The 2016-17 NBA season has been entertaining one with the majority of teams in the league still fostering hopes for the postseason. As usual, injuries have influenced the standings as poor health has kept several contenders from solidifying their place in the standings and forced other would-be playoff teams closer to the lottery. Through 41 games the NBA has collectively lost a total of 2,052 games to injury or illness and over $189 million in salary. The total is slightly up from last year’s numbers at the halfway point but still lower than the 2013-14 and 2014-15 seasons.
A familiar face sits atop the rankings as the traditionally impressive medical staff of the Phoenix Suns has kept the team’s players on the court and out of the athletic training room. After a down year last season, the Suns staff has rebounded in a big way with the team conceding just 21 games to injury. The impact of the injuries has also been diminished as Phoenix ranks second in the league in salary dollars lost and minutes lost to injury.
The Golden State Warriors have used sustained health to remain the best team in the Western Conference with just 26 games lost to injury in the first half of the season. The total is particularly remarkably considering half of their games were automatically assumed when the team opted to draft Damian Jones, despite the fact that he tore a pectoral muscle during a pre-draft workout. Golden State previously employed a similar strategy when they drafted forward Kevon Looney in spite of his chronically problematic hips. The associated risk with these decisions is minimal for a top heavy team like the Warriors as the games lost does little to hurt the on-court product or bottom dollar, evident in the team’s top rank in dollars lost and minutes lost.
The Houston Rockets have also been fueled by good health despite gambling on Eric Gordon and Ryan Anderson in the offseason. Both Gordon and Anderson had lengthy injury histories before joining the Rockets but missed a combined two games through the first 41 games of the year. The team has surrendered 30 games to injury at the midway point, a significant drop off from last year’s total of 77 games lost.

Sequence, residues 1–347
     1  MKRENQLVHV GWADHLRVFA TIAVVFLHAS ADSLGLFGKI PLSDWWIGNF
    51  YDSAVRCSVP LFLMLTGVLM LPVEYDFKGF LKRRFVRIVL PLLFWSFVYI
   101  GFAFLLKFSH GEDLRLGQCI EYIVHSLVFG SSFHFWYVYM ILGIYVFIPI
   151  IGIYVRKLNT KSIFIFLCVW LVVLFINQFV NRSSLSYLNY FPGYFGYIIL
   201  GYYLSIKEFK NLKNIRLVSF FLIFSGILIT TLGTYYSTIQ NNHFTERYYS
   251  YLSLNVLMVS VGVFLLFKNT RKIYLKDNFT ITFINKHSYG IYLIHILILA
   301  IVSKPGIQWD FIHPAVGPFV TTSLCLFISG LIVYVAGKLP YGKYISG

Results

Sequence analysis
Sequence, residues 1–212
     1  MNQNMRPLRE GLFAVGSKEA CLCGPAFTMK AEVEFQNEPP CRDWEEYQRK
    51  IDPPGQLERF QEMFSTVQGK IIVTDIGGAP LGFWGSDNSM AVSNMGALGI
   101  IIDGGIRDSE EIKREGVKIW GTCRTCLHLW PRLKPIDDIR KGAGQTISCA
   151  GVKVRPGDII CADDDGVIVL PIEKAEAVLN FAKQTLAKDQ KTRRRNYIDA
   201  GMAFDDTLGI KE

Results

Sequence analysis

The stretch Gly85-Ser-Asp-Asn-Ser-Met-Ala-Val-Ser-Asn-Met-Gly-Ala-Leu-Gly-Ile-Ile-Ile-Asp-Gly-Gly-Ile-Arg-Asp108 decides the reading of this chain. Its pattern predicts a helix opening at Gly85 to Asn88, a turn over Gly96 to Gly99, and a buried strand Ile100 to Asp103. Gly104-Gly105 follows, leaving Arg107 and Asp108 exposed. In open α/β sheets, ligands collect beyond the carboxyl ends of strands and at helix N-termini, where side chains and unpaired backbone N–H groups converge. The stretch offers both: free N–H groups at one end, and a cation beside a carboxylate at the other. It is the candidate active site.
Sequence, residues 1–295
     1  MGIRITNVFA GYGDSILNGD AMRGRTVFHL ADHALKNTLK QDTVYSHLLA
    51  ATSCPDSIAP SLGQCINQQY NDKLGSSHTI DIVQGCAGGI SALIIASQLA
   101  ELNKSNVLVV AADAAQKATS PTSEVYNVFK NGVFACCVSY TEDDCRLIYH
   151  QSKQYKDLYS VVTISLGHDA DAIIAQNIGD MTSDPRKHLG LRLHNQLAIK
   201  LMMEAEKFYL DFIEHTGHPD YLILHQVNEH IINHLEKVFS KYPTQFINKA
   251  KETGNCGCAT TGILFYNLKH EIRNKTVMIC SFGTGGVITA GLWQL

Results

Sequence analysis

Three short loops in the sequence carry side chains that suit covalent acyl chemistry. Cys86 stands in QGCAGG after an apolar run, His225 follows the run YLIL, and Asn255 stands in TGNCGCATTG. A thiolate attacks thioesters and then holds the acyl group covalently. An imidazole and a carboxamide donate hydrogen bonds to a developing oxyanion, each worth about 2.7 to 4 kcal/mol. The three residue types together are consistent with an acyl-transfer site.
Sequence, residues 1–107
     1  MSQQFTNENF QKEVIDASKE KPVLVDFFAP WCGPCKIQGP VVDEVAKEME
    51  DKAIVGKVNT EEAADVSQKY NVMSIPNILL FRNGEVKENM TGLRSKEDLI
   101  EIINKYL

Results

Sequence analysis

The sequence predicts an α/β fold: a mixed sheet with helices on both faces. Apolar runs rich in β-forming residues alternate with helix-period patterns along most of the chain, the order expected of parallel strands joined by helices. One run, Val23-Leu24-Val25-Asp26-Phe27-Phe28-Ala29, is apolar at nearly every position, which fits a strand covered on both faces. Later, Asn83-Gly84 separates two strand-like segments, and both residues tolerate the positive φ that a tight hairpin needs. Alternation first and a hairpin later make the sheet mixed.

On the opposite end of the spectrum sit the Miami Heat. The amenities of South Beach have not been able to combat the injury bug as the Heat has lost a league-worst 163 games to injury or illness. The Miami medical staff, a historically well-regarded group, has been forced to deal with a wide range of assorted ailments including muscle, bone, and cartilage-related injuries. Furthermore the high total includes the 41 games attributed to Chris Bosh whose career remains in limbo due to a blood clotting issue.
The Philadelphia Sixers trail the Heat as they once again find themselves without their top draft pick. Including the 41 games lost to Ben Simmons’ fractured fifth metatarsal, the Sixers have now gone four straight years with a top draft pick missing the first half of the season. Fortunately the team is now reaping the benefits of their conservative approach with Joel Embiid and is optimistic Simmons will be available to play at some point this season.
In addition to Bosh and Simmons, nine other players did not play a game in the first half of the year due to injury, meaning 11 players were responsible for 22 percent of the games lost. Three of these players, Jared Sullinger, Delon Wright, and Brandan Wright have returned to action with Milwaukee’s Khris Middleton slated to return on Wednesday. However the return of these players is offset by the season-ending injuries to Sacramento’s Rudy Gay, Minnesota’s Zach LaVine, and Miami’s Justise Winslow.
An in-depth look at the injuries themselves show that muscle-related injuries accounted for roughly 30 percent of all games lost, up 13 percent from the previous season. Bone injuries, like fractures and bone contusions, are also up from last year though the totals remain considerably lower than those of the 2013-14 and 2014-15 campaigns. Ligamentous injuries, specifically sprains, accounted tor a remarkably lower number of games lost in the first half of the season though that number will rise due to the ACL tears of LaVine and Cleveland’s Chris Andersen.
The second half of the season will act as an interesting setup for next year when health-specific items of the new collective bargaining agreement come into effect. A shortened preseason and an increased attempt to further reduce back-to-backs are intended to improve player health but it remains unseen how quickly those items will make an impact on games lost. For now teams will continue to utilize scheduled rest days and other treatment options to minimize the impact of the various injuries that inevitably occur.